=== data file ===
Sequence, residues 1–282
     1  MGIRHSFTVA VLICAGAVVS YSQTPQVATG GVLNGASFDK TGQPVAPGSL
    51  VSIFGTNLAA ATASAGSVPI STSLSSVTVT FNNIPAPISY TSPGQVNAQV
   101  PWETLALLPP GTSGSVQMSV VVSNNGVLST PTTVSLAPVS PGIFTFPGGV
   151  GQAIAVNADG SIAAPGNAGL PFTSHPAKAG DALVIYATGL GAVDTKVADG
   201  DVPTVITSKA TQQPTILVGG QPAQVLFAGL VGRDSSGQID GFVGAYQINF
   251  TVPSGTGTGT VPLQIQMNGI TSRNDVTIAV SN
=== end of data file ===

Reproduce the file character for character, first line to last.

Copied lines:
Sequence, residues 1–282
     1  MGIRHSFTVA VLICAGAVVS YSQTPQVATG GVLNGASFDK TGQPVAPGSL
    51  VSIFGTNLAA ATASAGSVPI STSLSSVTVT FNNIPAPISY TSPGQVNAQV
   101  PWETLALLPP GTSGSVQMSV VVSNNGVLST PTTVSLAPVS PGIFTFPGGV
   151  GQAIAVNADG SIAAPGNAGL PFTSHPAKAG DALVIYATGL GAVDTKVADG
   201  DVPTVITSKA TQQPTILVGG QPAQVLFAGL VGRDSSGQID GFVGAYQINF
   251  TVPSGTGTGT VPLQIQMNGI TSRNDVTIAV SN